FIGS. 1A and 1B show objective lenses according to the present invention. An objective lens 1 of a first embodiment shown in FIG. 1A is a condensing convex lens including a refracting surface 2 for DVDs which is in rotatory symmetry about the optical axis. The objective lens 1 further includes an annular concave portion 3 centered on the optical axis on the refracting surface. A bottom portion 4 of the annular concave portion defines a refracting surface that is a surface parallel-displaced from the above-described refracting surface 2, e.g., a refracting surface having the same radius of curvature as that of the refracting surface 2. An objective lens 1 of a second embodiment shown in FIG. 1B is a condensing convex lens including a refracting surface 2 that is in rotatory symmetry about the optical axis and an annular convex portion 3 centered on the optical axis on the refracting surface. An upper surface 4 of the annular convex portion has a surface that is parallel-displaced from the refracting surface 2. When the refracting surface 2 is designed as a non-spherical surface to be used as an objective lens for DVDs, the bottom portion (or upper surface) 4 is a similar non-spherical surface that is parallel-displaced therefrom. The annular concave (or convex) portion 3 has a depth (or a height) Δh. The present embodiment is intended for compatible reproduction by two types of wavelengths. Namely, laser beams having a wavelength λDVD =650 nm are used for reproducing a DVD and laser beams having a wavelength λCD =780 nm are used for reproducing a CD. The annular concave (or convex) portion 3 can be uniformly formed using etching or the like and, alternatively, the convex portion and the concave surrounding portion can be uniformly formed on the surface of a lens body made of glass by means of thin film transfer such as 2P.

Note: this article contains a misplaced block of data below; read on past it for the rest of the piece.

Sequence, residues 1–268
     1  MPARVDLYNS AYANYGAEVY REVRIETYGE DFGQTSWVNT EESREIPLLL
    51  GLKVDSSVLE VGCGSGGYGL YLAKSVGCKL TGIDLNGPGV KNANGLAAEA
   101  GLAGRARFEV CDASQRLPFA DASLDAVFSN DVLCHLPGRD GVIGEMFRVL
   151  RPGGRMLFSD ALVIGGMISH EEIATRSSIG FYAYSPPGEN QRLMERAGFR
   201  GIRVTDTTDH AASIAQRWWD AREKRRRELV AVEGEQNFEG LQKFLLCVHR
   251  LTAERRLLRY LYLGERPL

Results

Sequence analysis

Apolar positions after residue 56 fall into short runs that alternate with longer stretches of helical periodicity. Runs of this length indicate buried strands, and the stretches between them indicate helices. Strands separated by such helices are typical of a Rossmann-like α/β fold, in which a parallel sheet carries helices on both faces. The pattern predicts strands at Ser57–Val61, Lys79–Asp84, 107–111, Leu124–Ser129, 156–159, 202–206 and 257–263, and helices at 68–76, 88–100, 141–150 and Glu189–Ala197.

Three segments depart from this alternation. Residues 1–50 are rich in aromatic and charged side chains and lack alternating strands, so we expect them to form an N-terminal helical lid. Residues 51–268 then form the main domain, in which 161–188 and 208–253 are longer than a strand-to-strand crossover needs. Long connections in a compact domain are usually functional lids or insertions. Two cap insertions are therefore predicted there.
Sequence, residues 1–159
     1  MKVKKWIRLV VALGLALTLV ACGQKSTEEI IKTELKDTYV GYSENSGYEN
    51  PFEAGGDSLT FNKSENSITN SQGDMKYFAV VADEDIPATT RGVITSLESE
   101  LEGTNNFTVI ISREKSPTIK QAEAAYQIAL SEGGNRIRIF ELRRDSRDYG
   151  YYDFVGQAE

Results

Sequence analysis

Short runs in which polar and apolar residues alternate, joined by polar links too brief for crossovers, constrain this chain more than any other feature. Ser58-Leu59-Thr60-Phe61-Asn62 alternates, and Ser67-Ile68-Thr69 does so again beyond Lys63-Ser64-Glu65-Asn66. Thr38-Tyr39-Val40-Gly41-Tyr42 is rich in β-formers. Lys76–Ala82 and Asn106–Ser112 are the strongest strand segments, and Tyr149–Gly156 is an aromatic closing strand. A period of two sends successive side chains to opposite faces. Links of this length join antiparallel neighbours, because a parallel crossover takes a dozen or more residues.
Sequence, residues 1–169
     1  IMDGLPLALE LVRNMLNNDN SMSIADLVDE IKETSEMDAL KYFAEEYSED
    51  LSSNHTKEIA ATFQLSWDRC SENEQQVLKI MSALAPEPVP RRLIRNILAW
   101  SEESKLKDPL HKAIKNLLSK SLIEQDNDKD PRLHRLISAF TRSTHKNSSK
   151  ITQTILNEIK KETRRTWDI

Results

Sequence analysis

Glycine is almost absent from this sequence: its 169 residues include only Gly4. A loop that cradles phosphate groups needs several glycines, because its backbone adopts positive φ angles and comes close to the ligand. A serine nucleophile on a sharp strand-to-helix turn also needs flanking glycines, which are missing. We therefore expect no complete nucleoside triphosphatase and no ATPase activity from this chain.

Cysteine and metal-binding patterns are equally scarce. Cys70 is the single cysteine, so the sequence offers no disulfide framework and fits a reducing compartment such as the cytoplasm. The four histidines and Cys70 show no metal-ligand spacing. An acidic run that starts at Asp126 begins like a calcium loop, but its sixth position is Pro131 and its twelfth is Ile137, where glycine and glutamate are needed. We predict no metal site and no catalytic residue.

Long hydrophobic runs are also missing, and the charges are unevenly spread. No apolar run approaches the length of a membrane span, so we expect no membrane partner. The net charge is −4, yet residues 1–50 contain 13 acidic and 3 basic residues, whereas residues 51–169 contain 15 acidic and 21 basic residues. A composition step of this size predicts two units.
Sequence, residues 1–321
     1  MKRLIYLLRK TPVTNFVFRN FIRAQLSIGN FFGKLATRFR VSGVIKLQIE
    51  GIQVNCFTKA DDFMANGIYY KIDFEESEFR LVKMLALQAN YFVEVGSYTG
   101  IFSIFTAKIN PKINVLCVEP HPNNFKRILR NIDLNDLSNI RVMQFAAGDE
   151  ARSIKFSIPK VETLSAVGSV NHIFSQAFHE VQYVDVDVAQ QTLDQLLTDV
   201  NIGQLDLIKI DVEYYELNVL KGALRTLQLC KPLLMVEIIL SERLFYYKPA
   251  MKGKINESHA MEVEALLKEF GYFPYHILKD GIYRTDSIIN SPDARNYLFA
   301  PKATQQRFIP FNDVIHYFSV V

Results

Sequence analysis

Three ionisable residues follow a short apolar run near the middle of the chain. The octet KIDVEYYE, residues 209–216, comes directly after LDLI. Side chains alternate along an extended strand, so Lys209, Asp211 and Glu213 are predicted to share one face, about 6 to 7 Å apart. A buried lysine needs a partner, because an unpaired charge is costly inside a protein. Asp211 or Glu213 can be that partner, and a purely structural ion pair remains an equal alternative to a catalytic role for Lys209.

As shown in FIG. 2, the objective lens 1 of the embodiment includes the refracting surface 2 which has the diameter of a region corresponding to a numerical aperture NADVD =0.6 as a whole at the wavelength for DVD λDVD =650 nm. In FIG. 2, the diameter of each region is indicated as a numerical aperture. Specifically, NAo represents the diameter of a region corresponding to an effective numerical aperture which affects the reproduction characteristics of a CD; NAout represents the diameter of a circular region formed by an outer edge of the annular concave (or convex) portion; and NAin represents the diameter of a circular region formed by an inner edge of the annular concave (or convex) portion. Therefore, an inner radius r1 (not shown) of the annular concave (or convex) portion from the optical axis to an inner step portion and an outer radius r2 (not shown) from the optical axis to an outer step portion are expressed by ratios NAin /NAo and NAout/NA o, respectively.

In general, when a CD is reproduced using an objective lens for a DVD, beams passing outer portions of the objective lens have less influence on reproduction characteristics because they are significantly defocused. Therefore, the inner diameter NAin, outer diameter NAout and depth (or height) Δh of the annular concave or convex portion have been analytically determined such that the amount of RMS aberration in the region affecting the reproduction characteristics of a CD (NA≦=NAo =0.45) is reduced. For simplicity, the following analysis will proceed using an optical-path length difference Δ1 (Δ1=Δh/(n-1) where n is the refractive index of the material of the objective lens) attributable to the depth (or height) Δh as a parameter.